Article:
In a recent decision from the Kentucky Court of Appeals, it affirmed the trial court's determination that a foreign insurer was and not subject to suit in Kentucky. Taylor v. Bristol West Insurance Company, No. 2014-CA-001648-MR, 2016 WL 675912 (Ky. App. February 19, 2016).
Day Taylor, an Indiana resident, was insured by Bristol West Insurance Company. Taylor was ultimately involved in an auto accident in Jefferson County Kentucky. The other motorist, who was at fault, settled with Taylor for that driver's $25,000 motor vehicle liability policy limit. Thereafter, Taylor filed suit in Jefferson County Circuit Court against Bristol West seeking to recover additional amounts pursuant to the underinsured motorist benefits available under her insurance policy with Bristol West. Bristol answered the complaint, asserting that Kentucky lacked personal jurisdiction over it, specifically:
Bristol West maintained that it was a foreign corporation, Taylor was an Indiana resident, the policy of motor vehicle insurance was issued to Taylor in Indiana, and the insured vehicles were primarily garaged in Indiana. Bristol West argued that Kentucky did not have personal jurisdiction under its long-arm statute (Kentucky Revised Statutes (KRS) 454.210(2)) and that the action must be dismissed. The only nexus to Kentucky between the parties was that the accident occurred in Kentucky.
Taylor objected on a variety of grounds including the fact that Bristol West had been issued a certificate of authority to transact the insurance business in Kentucky, that in consequence to holding a certificate of authority Bristol West had appointed the Secretary of State as its agent for service of process (see KRS § 304.3-230(7)) and that Bristol West was also qualified to transact business in Kentucky under the Kentucky Business Corporation Act and the Kentucky Business Entity Filing Act. She asserted that these contacts gave rise to jurisdiction over Bristol West.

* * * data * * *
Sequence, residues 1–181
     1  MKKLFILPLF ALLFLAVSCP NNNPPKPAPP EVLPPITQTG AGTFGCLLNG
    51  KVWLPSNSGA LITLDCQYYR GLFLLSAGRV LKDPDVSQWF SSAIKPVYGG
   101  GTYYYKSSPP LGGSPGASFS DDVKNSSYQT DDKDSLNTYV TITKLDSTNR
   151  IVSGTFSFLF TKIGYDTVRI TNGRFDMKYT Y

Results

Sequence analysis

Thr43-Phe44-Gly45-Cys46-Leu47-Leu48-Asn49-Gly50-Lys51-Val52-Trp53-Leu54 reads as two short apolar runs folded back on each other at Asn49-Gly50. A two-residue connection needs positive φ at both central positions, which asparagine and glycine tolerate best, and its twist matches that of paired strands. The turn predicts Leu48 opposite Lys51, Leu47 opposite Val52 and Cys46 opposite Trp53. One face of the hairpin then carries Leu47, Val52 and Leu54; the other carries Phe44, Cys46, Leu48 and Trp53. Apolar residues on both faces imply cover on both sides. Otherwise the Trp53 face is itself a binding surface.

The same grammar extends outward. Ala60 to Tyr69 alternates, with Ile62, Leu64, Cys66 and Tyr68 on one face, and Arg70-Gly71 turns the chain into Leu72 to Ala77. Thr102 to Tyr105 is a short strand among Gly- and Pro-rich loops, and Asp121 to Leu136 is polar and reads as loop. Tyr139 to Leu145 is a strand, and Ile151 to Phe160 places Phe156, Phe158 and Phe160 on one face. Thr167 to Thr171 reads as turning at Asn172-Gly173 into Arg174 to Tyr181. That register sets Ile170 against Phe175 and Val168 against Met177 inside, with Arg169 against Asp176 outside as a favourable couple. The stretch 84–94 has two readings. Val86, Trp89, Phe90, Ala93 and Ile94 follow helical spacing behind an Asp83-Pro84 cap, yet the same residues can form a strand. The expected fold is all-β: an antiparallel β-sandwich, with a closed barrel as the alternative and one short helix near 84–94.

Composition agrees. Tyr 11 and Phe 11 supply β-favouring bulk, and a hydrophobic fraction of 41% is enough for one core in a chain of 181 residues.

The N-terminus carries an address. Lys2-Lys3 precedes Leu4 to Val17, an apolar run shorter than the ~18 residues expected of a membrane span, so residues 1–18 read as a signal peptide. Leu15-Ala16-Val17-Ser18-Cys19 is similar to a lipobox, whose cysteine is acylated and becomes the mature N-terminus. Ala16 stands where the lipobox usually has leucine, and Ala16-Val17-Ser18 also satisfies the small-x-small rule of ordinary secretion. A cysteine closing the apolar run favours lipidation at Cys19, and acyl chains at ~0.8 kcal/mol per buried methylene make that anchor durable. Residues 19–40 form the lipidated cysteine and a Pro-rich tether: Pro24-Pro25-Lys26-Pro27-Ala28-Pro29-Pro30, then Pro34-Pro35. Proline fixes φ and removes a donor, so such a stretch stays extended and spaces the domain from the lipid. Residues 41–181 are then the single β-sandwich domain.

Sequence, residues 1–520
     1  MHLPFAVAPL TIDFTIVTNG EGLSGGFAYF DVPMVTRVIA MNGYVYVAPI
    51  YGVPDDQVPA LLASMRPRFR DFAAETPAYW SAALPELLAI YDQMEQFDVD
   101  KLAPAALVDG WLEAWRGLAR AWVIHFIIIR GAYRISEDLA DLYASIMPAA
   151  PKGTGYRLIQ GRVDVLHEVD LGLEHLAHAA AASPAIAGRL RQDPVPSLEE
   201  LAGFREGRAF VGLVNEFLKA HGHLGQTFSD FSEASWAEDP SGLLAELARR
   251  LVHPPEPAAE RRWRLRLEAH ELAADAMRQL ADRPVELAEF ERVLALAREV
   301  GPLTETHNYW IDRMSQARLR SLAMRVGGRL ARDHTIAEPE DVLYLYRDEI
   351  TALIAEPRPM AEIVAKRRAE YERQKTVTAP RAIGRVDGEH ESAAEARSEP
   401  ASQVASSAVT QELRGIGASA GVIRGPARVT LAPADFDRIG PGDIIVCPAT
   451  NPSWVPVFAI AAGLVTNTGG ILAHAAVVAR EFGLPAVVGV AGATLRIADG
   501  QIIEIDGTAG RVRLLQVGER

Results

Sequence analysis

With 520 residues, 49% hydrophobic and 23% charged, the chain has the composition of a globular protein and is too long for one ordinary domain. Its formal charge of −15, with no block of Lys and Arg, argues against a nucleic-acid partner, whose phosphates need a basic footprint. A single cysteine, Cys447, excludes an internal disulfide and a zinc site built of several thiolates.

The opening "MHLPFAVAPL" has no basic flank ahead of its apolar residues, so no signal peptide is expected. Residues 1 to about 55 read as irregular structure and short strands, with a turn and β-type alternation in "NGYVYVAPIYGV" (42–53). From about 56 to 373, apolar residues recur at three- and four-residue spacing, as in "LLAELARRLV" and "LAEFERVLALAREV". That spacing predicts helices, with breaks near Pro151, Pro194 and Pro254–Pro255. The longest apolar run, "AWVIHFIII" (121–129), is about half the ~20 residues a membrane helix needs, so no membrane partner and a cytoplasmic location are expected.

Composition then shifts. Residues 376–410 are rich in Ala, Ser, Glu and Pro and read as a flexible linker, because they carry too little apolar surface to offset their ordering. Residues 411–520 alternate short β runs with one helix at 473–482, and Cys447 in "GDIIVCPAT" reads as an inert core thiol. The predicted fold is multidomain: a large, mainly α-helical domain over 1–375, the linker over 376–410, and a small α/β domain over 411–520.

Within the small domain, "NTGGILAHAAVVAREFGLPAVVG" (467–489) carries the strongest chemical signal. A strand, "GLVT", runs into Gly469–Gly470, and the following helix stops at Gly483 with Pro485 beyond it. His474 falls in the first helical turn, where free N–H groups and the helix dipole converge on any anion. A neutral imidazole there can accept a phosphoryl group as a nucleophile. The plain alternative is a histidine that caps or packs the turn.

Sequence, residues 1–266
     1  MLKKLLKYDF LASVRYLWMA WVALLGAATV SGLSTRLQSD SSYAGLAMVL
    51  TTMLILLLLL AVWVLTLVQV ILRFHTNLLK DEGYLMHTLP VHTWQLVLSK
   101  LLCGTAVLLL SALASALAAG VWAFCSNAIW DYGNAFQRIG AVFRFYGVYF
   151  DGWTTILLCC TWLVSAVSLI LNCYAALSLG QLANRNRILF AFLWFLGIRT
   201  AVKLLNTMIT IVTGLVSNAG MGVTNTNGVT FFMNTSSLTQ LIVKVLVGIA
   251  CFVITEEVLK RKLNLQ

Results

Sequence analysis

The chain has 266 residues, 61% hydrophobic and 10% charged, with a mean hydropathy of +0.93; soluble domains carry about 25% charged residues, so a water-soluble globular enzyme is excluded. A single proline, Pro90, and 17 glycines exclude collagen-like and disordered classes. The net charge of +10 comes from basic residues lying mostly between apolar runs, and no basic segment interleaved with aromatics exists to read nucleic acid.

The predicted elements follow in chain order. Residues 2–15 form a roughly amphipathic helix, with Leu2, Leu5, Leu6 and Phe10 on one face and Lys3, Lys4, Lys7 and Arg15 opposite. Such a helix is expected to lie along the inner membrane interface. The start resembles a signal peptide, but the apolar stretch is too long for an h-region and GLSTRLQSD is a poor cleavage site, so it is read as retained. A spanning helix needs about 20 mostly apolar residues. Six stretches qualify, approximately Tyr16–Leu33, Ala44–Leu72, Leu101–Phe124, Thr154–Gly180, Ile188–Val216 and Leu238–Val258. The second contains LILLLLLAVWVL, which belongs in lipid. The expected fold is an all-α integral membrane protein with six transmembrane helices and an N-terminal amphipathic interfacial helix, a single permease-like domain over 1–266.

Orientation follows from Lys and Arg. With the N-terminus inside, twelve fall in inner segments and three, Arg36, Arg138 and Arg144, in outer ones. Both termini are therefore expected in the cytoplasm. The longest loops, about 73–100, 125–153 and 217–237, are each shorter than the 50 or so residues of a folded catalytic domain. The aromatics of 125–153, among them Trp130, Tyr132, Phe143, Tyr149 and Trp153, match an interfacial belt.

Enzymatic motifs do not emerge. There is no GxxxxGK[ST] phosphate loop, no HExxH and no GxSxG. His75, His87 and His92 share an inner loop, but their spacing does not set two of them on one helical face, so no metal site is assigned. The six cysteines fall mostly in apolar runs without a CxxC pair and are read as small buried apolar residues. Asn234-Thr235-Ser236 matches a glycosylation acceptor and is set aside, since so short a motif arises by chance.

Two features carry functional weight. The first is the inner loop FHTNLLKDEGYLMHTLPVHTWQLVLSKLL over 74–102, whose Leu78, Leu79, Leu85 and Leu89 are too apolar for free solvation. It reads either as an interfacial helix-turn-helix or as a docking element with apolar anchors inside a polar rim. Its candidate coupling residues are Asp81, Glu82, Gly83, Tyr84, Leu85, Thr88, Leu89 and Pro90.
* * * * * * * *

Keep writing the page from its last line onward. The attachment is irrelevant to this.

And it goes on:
Ultimately the determination of the trial court as to the absence of personal jurisdiction would be upheld.
Reviewing the Kentucky Long Arm Statute and the decision of the Kentucky Supreme Court rendered in Caesar's Riverboat Casino, LLC v. Beach, 336 S.W.3d 51 (Ky. 2011), it was found that the contacts with Kentucky arising out of this fact pattern were insufficient to give rise to personal jurisdiction. In rejecting jurisdiction, the Court of Appeal wrote:
While the motor vehicle accident occurred in Kentucky, all tort claims related to the accident have been settled. This case looks exclusively to an insurance contract dispute between Bristol West and its insured, Taylor.
While Bristol West might have qualified to issue insurance in Kentucky, the contract of insurance here at issue was entered into in Indiana. In consequence, KRS § 454.210(7)(a)7 was not applicable to confer jurisdiction.
The court dismissed (“We review any remaining contentions of error as moot or without merit.”) the suggestion that qualification to transact business and the appointment of registered agent, of itself, would give rise to jurisdiction.
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